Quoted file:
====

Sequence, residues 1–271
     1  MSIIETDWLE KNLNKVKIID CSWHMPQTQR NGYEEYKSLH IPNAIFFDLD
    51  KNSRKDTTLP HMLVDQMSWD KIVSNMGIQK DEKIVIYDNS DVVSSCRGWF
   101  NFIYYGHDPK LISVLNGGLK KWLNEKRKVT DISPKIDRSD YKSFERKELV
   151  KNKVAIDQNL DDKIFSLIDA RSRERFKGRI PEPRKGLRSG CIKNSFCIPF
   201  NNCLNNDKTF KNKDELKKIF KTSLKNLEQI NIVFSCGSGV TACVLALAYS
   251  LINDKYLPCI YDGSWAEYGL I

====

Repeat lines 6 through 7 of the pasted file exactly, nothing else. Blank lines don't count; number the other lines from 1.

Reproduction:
   201  NNCLNNDKTF KNKDELKKIF KTSLKNLEQI NIVFSCGSGV TACVLALAYS
   251  LINDKYLPCI YDGSWAEYGL I